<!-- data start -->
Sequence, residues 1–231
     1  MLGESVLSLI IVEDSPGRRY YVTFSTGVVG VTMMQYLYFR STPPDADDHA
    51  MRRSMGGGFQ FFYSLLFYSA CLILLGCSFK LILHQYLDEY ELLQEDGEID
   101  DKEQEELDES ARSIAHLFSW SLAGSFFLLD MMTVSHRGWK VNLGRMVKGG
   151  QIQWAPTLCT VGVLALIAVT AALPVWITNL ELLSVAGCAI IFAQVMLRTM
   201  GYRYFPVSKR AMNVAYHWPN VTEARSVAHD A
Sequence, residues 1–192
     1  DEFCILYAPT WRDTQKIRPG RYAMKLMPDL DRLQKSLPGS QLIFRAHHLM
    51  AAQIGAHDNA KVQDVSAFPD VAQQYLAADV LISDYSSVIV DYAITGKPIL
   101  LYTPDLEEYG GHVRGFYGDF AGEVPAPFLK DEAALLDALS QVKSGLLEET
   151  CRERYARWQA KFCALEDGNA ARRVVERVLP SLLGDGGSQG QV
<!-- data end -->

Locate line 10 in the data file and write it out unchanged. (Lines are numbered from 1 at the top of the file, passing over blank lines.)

   101  LYTPDLEEYG GHVRGFYGDF AGEVPAPFLK DEAALLDALS QVKSGLLEET